If only we knew

In the Labour milieu, people are talking of a government that needs to act fast and of a strong Joseph Muscat who is simply not there

Former PN leader Simon Busuttil
Former PN leader Simon Busuttil

I would do everything to look into the future. If we all did have that opportunity or gift, the world would be a very different place. Everyone would be calculating their losses and gains.

Can you just imagine if you could figure out when and where your life would come to an end? It would not only be a case of real-time pension planning but an insight into the future – organising your life, your decisions, and the precise amount of money you would spend until the day you die and what you would bequeath to your loved ones. And, of course, when to kickstart the bucket list.

Thankfully, life is not like that. If it were, we would be living in a much crazier world than we do today. Which is why successful politicians have a sixth sense – a sense to look into the future and avoid making the knee-jerk reactions or decisions that are so typical in the case of politicians.

And, of course, that brings me to the subject of the week.

The reason we are reporting the motion calling on Joseph Muscat to call it a day for Keith Schembri is because it truly is the issue of the day, brought about by Schembri’s unexpected decision not to testify in a case he himself had initiated against Simon Busuttil. The fact that he refused to give testimony on 17 Black uncovered an old festering wound, leading to strong words and emotions.

Had his lawyers had any sense, they should have seen it coming.

But lawyers very often get lost in translation.

Because it has to be said that like him or hate him, Simon Busuttil is not only an unwavering and stubborn man but also one who has just discovered a bitter-sweet pill that has reinvigorated his fighting spirit.

One has to say that after the Egrant report it was PN leader Adrian Delia who removed Busuttil’s designation as party spokesman for good governance.

When Delia asked him to accept suspension as a way forward, Busuttil resisted. Not only that, as much as 50% of all the parliamentarians supported Busuttil.

Busuttil has made a small comeback, aided by individuals such as blogger Manuel Delia from Repubblika, who after losing all his credibility and even suffering financial deprivation because of his past links to Austin Gatt, returned suddenly to the fore after the Daphne Caruana Galizia tragedy.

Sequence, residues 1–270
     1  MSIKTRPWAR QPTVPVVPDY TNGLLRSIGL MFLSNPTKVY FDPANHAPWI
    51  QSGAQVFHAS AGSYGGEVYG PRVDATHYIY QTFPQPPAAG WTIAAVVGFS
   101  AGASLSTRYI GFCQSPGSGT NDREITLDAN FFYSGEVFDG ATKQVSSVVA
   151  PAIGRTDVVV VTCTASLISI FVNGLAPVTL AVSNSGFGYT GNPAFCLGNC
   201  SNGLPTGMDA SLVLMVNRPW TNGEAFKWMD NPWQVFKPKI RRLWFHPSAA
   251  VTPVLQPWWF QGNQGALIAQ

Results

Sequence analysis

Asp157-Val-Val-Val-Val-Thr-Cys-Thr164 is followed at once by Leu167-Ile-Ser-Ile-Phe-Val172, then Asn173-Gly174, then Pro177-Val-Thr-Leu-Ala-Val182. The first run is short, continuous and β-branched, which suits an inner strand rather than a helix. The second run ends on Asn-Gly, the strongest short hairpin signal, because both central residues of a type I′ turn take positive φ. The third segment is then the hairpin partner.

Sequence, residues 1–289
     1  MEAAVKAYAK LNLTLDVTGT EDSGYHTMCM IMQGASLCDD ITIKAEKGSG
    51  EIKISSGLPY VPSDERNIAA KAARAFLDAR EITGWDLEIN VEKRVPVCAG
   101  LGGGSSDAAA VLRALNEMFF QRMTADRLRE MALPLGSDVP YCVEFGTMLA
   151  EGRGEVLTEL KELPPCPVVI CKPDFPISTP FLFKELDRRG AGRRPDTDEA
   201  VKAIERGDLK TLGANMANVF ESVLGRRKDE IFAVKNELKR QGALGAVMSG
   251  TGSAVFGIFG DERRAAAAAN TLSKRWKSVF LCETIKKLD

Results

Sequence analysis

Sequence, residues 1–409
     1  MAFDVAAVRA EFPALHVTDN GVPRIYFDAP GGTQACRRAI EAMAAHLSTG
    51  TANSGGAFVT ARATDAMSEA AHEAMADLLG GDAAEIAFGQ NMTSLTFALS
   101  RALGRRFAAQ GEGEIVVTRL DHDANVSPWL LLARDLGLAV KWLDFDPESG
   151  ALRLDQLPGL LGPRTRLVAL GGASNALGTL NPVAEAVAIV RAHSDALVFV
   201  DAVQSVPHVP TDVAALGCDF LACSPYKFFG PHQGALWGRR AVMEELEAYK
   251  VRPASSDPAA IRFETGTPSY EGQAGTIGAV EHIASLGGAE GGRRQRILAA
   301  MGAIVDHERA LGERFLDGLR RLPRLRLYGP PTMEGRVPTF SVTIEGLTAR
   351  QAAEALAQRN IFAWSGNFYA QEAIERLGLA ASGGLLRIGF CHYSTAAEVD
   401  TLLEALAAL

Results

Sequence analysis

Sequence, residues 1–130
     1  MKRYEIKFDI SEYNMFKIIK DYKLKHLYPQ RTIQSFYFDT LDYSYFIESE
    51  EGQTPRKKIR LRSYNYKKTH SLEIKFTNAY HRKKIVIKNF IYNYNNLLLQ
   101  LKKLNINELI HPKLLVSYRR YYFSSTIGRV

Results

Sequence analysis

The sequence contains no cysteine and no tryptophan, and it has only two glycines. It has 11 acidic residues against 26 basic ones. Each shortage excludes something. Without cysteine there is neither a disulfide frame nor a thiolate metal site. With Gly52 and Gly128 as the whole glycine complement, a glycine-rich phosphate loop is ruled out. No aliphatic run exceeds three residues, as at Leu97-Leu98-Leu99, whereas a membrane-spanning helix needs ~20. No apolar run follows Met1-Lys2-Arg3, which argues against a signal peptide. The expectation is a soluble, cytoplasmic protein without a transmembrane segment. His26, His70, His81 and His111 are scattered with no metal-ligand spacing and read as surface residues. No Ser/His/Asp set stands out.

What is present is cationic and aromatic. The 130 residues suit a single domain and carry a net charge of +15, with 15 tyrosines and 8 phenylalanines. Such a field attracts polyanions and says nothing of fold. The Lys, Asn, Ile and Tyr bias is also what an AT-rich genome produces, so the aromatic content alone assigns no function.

In the Labour milieu, people are talking of a government that needs to act fast and of a strong Joseph Muscat who is simply not there

Simon Busuttil seized this golden opportunity (after the Schembri debacle) and was catapulted to centre stage in this messy and bloody colosseum.

Adrian Delia has been egged on by PN reformer Louis Galea, who is now the eminence grise of the PN and a good friend of Simon Busuttil. He has urged Adrian Delia to build bridges with his foes. But Louis Galea knows in his heart of hearts that Busuttil is not after leadership but vengeance – against Muscat and then against Delia.

Today’s front page confirms the worst case scenario.

After the Egrant fiasco, Busuttil wants to drive the point home that Muscat and his men are corrupt, no matter what. He also knows and is more aware than Adrian Delia that the magisterial inquiry on 17 Black and Keith Schembri will most probably find nothing criminal or of criminal intent.

And that is why he cannot not take advantage of this situation.

The decision not to testify created the right narrative for this line of thinking – buying time until the inquiry’s findings are published.

Adrian Delia has argued that this is not about criminal responsibility but political responsibility. But with allegations on his past, Delia has little or no credibility when he cries wolf about this subject.

In his parliamentary adjournment Simon Busuttil called on all those who wanted to have their voice heard on Keith Schembri to come along for the Saturday evening Repubblika protest.  And he called on the PN to do its bit and attend.

A day later when attending his own parliamentary group, Busuttil did not support the idea that the whole PN group should walk together in the protest despite pleas by other MPs on how important a united PN would look.

Busuttil went further, as the front page story in MaltaToday attests.

As this whole saga unfolds, Muscat looks on. Patient, calm and pensive. Asking himself what he should do next.

He has been through worse and is still high in the polls with a 30-point difference over Delia. And he also knows that Simon Busuttil is back and that is good news for him.

Nonetheless, he knows that he has cracks and old wounds to tend to. And that is a problem. He cannot afford inaction.

In the Labour milieu, people are talking of a government that needs to act fast, and of a strong Joseph Muscat, who has somehow faded.

I do not believe he will ask Schembri to resign. He did not do it at the height of the Panama crisis and neither did he during the Egrant affair.

He has always been patient and ultimately a master in choosing the right moment to strike back.

But it could be that the master chess player is running out of moves. Yet even if this is so, unlike Kasparov – who would always face another master such as Fischer – there is still no one on the other side to match him.

And that, I am afraid, is why the democracy game is doomed to fail until the Opposition can rally around one voice, one vision and one common goal.

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